Nearly every day, the man spends his lunch hour with the other regulars at Friendship Feast.

    And the day before Thanksgiving was no different.

    The Dodge City man, who asked the Daily Globe not to publish his name, joined the crowd for an early Thanksgiving meal Wednesday at the First Presbyterian Church.


Nearly every day, the man spends his lunch hour with the other regulars at Friendship Feast.
    And the day before Thanksgiving was no different.
    The Dodge City man, who asked the Daily Globe not to publish his name, joined the crowd for an early Thanksgiving meal Wednesday at the First Presbyterian Church.
    He said he came because the church's Friendship Feast program offers food for the body and for the soul.
    "You've got to have it: Friendship, feast," he said. "It's really for a good cause — fellowship."
    Across the table, Dodge City resident Loretta Johnson said she eats lunch with other Friendship Feast regulars as often as possible because they're almost like family.
    "This is kind of like our brothers and sisters, even though they ain't," she said.
    Diners packed the tables in the church's basement, savoring a meal of turkey or ham, sweet potatoes, dressing and dessert.
    Others stood in the serving line, greeting servers while they waited to pick up their food trays.
    Friendship Feast's cook and volunteer coordinator, Daniel Rincones, roamed through the dining area throughout the meal. He greeted people as they stood in line, asked diners if they had enjoyed the meal and urged them to go back for seconds.
    "Did you guys get full?" Rincones asked one group of diners, who answered with a chorus of "Yes!"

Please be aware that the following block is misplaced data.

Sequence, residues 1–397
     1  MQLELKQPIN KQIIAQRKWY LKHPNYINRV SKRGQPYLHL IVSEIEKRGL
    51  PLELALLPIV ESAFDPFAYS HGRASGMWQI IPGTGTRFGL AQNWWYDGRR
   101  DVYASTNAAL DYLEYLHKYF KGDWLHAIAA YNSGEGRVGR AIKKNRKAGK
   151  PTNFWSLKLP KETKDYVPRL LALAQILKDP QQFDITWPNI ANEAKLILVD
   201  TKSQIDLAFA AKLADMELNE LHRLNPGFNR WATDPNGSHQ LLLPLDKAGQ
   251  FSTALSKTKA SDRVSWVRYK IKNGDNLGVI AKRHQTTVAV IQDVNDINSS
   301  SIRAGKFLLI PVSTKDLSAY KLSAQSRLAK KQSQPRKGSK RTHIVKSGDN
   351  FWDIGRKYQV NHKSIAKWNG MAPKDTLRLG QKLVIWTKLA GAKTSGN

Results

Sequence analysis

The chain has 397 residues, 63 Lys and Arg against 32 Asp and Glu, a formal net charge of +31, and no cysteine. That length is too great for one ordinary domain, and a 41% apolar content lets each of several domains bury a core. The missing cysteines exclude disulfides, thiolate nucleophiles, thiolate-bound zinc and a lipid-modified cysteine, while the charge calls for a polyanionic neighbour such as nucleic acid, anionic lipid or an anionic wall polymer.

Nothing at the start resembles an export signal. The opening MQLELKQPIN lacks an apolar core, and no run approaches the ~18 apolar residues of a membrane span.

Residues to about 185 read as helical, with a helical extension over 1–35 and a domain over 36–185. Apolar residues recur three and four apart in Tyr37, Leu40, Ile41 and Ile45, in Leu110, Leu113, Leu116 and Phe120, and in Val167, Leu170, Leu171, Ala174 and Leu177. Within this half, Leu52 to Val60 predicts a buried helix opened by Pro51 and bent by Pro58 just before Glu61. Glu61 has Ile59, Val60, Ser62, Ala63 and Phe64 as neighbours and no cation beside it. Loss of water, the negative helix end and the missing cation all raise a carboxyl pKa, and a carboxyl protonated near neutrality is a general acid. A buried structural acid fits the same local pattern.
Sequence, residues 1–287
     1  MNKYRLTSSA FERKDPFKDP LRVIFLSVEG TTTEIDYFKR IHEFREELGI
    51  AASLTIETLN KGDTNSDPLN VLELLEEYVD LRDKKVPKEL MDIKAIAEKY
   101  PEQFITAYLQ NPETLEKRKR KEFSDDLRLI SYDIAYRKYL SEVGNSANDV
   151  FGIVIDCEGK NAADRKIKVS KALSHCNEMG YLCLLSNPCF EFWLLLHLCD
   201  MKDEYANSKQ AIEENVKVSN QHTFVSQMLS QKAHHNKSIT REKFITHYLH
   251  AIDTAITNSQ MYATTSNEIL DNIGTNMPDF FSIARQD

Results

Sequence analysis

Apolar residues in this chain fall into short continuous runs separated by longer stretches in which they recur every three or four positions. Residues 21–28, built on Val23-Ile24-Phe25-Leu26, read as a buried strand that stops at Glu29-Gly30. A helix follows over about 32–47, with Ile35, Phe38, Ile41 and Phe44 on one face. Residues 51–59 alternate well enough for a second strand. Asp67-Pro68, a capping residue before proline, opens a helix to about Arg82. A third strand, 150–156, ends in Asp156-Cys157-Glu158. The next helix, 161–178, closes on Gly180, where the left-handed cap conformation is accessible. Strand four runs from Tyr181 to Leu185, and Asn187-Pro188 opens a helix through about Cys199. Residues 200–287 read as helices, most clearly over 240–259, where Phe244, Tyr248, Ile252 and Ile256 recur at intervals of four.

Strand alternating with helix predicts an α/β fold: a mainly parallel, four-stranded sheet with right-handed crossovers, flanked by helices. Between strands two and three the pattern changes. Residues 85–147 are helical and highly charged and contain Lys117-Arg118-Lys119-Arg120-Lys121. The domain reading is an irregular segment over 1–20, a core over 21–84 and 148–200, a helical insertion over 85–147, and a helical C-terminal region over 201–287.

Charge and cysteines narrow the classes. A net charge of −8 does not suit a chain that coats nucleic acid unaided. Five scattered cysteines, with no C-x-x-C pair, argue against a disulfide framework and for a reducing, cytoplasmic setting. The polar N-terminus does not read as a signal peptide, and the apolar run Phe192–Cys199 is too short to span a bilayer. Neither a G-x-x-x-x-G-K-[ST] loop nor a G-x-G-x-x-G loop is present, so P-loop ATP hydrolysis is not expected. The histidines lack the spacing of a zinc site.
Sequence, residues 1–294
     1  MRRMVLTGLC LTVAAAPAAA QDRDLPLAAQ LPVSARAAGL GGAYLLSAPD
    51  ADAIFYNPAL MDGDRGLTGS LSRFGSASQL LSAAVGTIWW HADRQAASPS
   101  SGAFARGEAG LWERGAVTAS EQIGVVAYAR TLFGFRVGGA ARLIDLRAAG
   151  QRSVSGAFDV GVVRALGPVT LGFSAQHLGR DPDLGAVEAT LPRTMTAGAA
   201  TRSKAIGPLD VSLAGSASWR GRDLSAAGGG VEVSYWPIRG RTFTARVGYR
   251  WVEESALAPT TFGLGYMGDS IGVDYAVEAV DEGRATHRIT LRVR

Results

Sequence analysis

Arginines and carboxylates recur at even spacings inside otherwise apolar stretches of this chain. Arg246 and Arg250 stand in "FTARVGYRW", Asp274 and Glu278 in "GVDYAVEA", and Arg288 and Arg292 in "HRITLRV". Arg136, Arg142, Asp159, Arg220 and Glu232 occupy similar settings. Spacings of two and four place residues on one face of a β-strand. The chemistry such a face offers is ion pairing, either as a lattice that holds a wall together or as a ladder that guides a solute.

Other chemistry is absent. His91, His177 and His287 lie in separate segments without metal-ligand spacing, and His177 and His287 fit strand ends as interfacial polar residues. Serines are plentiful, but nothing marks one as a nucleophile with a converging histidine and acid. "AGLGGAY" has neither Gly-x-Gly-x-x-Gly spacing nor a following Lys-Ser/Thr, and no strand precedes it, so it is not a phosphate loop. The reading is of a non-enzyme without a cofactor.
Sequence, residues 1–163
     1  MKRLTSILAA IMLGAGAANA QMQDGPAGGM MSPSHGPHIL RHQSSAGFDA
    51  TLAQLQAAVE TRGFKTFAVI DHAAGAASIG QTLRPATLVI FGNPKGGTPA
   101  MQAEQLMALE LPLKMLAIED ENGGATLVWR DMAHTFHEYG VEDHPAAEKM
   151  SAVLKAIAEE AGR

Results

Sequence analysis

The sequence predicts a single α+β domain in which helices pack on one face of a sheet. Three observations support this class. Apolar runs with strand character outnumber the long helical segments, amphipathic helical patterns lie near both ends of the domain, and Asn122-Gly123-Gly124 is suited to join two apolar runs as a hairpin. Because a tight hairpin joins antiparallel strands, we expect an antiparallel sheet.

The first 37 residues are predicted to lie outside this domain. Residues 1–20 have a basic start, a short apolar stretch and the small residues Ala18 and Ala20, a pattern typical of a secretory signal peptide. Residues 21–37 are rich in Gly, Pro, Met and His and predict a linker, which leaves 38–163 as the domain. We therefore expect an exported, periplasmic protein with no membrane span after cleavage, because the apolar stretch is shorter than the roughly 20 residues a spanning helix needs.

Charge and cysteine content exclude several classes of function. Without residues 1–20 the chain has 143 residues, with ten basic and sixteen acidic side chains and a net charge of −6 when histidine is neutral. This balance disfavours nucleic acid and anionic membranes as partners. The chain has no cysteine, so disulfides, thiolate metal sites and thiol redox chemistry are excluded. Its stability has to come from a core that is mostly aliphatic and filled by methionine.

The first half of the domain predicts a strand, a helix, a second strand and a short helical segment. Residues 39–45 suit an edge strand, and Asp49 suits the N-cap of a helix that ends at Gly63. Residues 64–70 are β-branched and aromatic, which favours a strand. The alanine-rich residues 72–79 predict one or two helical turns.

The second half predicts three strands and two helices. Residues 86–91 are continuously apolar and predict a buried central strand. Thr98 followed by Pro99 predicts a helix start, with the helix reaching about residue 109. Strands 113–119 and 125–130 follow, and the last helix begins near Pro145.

Dodge City resident Geneva Torrez was seated at a table toward the back of the dining area, where she was chatting with her fiance, Manuel Rodriguez. She said she frequently enjoys lunch at Friendship Feast, which gives her a chance to see old friends and meet new people.
    "You meet all kinds of people here," she said. "It's a very friendly place."
    Volunteer Mari Martinez was manning the bread and dessert table along with another woman. After asking one diner if he needed help, she buttered his bread for him while he leaned over to snag a cookie.
    Martinez said that she had volunteered at Friendship Feast once before, and that Rincones had asked her to lend a hand for the pre-Thanksgiving meal. She said she had enjoyed meeting and serving the diners.
    "You get to get out and meet the community and help out," she said. "It feels good to help out and do my part."
    As the diners trickled out of the room after the meal, volunteers Becky and Brenda Cornitius relaxed at one table and chatted with Dodge City resident Alice Holopirek.
    Brenda Cornitius said she had arrived at the church shortly before 11 a.m. to assist with preparations, and she spent the next couple of hours working on the serving line. She added that she thought it was a rewarding experience.
    "You just enjoy giving back to the community," she said. "It's a mission for people who are hungry and people who are hungry for fellowship."
    Rincones said late Wednesday afternoon that his crew had served 150 people at Friendship Feast and dished up 179 meals altogether, including plates of food to go. And now that his work is done, he can enjoy the holiday with his family and cheer for his beloved Dallas Cowboys.
    He said that today's celebration will be a little more meaningful for him after serving the people at Friendship Feast.
    "Families get thicker and thicker, but this right here is my extended family," he said. "I love these people like family."

Reach Eric Swanson at (620) 408-9917 or e-mail him at eric.swanson@dodgeglobe.com.